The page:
Melissa and Michael Nirelli have three rambunctious kids. Like many families, they’re busy with day-to-day life while getting ready for the holidays.

“Well, I feel like it’s the hustle and the bustle right now and trying to get everything done and trying to make everything as magical as possible,” Melissa Nirelli said.

That can be stressful enough. But they also have to deal with the everyday fact that their four-year-old daughter Abby has an ultra-rare neurological disease called Alternating Hemiplegia of Childhood, or AHC.

“It is a one-in-a-million disease and she can be a typical four-year-old and something will trigger her and she will become completely paralyzed on one or both sides,” Melissa Nirelli said. “She will not be able to talk, eat, feed herself, anything like that”

And since they never really know when it might happen, maybe out at a store or a family get-together — it adds an extra layer of anxiety when things are already hectic around the holiday season.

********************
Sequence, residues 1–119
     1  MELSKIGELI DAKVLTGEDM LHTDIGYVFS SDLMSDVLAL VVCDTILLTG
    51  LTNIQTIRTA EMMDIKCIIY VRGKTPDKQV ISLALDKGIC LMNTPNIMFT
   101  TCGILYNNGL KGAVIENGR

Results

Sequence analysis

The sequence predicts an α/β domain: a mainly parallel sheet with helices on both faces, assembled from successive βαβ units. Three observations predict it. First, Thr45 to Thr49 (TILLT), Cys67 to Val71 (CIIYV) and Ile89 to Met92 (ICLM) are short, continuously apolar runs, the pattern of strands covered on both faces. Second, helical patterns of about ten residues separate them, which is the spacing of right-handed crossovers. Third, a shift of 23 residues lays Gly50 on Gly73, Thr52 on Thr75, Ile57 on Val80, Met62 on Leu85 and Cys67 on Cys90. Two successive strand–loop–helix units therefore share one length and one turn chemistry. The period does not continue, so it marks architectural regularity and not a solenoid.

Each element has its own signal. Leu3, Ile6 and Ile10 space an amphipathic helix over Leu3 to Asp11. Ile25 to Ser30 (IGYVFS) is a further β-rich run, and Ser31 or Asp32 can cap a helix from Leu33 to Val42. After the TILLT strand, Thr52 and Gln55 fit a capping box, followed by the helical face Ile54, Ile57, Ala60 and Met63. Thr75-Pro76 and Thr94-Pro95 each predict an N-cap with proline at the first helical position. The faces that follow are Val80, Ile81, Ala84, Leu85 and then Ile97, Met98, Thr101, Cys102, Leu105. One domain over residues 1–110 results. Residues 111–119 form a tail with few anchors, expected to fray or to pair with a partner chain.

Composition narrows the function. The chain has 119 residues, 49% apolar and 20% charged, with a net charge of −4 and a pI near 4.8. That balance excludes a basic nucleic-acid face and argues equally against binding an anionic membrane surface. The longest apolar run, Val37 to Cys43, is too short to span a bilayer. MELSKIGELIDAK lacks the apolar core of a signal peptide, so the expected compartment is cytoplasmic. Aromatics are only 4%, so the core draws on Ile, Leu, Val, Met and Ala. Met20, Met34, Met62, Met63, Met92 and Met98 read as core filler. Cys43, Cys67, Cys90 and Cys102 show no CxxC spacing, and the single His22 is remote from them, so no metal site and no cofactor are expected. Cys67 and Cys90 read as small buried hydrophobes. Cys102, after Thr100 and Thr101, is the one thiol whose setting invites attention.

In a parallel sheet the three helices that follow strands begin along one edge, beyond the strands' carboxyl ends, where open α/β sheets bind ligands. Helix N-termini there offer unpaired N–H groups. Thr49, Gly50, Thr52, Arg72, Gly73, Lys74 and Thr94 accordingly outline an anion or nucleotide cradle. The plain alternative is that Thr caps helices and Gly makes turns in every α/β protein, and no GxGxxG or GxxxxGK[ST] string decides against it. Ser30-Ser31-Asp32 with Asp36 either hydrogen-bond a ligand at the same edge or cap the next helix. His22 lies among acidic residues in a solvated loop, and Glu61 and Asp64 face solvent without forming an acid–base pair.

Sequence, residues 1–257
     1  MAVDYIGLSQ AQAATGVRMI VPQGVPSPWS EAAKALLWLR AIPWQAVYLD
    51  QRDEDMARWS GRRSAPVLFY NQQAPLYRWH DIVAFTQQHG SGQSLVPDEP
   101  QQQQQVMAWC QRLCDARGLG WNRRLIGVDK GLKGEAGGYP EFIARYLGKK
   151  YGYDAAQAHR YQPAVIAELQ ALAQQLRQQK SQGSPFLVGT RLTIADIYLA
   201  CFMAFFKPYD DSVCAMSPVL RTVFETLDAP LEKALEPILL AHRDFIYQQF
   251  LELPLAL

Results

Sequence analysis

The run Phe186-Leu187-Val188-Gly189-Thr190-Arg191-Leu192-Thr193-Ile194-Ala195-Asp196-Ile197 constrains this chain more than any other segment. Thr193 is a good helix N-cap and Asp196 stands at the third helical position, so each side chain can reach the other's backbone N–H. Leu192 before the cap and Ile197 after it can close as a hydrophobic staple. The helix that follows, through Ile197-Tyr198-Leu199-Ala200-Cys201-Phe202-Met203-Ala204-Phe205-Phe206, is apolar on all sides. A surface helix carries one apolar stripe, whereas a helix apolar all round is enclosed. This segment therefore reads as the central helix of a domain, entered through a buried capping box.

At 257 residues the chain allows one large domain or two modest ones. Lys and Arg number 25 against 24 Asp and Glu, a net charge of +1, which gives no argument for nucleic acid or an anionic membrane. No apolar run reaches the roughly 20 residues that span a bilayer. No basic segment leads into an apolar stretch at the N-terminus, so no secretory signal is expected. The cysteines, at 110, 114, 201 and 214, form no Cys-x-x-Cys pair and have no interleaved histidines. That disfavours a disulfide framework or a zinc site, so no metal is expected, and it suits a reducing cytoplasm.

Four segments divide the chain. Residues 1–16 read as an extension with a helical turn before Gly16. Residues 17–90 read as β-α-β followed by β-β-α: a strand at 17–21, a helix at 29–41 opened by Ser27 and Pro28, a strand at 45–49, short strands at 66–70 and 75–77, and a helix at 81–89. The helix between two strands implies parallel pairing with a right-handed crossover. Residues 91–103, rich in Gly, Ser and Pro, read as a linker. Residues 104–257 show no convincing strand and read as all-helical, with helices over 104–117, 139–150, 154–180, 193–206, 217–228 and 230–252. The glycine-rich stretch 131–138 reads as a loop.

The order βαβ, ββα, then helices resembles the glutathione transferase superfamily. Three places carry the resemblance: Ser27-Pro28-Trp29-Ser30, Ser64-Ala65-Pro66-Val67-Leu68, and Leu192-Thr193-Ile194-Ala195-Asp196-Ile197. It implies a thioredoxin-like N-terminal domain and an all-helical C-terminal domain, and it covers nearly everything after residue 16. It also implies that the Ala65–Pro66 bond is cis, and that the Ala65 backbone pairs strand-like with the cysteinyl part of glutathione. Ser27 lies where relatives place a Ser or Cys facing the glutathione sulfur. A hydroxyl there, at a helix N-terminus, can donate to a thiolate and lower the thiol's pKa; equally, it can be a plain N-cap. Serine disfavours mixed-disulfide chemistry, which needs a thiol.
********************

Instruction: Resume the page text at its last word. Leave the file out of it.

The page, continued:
“Trying to get your stuff done around that, you don’t know if you can go out to the store and go shopping, you don’t know if you can go outside and play with the other kids,” Michael Nirelli said.

Marriage and family therapist Joe Clem says on top of the typical worries this time of year, families who have someone with a disability like the Nirelli’s can experience heightened emotions.

“When we add the elements of disabilities we add the element of grief and loss to the parent, to the caregivers,” Joe Clem said.

So he suggests families practice tolerance, patience and something as simple as counting to ten — to pause and understand what’s triggering those emotions during difficult circumstances.

“Begin to train ourselves to recognize and return and let go of that emotional reaction, that burst, is the key to emotional maturity and increased happiness in our lives,” Joe Clem said.

Clem says it’s also important to recognize your inner strength, that you’re doing your best to care for your loved one even in the most challenging moments.

It’s a perspective the Nirelli’s take to heart.

“It could be worse and we just are lucky that we have our three kids and we have the family and support that we do and just hold on to that to try to get through these next couple weeks,” Melissa Nirelli said.

And lots of love to help make it a little easier.